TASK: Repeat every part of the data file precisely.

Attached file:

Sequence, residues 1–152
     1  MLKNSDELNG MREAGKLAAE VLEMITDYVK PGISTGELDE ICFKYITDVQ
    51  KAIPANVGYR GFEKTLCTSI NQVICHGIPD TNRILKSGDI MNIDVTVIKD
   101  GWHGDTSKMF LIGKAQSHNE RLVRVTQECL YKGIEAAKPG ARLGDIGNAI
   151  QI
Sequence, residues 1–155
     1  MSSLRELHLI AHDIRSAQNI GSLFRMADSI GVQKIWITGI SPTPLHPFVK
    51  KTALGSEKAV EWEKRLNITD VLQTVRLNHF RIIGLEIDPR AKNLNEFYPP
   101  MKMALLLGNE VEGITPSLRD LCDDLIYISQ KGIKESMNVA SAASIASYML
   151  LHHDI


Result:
Sequence, residues 1–152
     1  MLKNSDELNG MREAGKLAAE VLEMITDYVK PGISTGELDE ICFKYITDVQ
    51  KAIPANVGYR GFEKTLCTSI NQVICHGIPD TNRILKSGDI MNIDVTVIKD
   101  GWHGDTSKMF LIGKAQSHNE RLVRVTQECL YKGIEAAKPG ARLGDIGNAI
   151  QI
Sequence, residues 1–155
     1  MSSLRELHLI AHDIRSAQNI GSLFRMADSI GVQKIWITGI SPTPLHPFVK
    51  KTALGSEKAV EWEKRLNITD VLQTVRLNHF RIIGLEIDPR AKNLNEFYPP
   101  MKMALLLGNE VEGITPSLRD LCDDLIYISQ KGIKESMNVA SAASIASYML
   151  LHHDI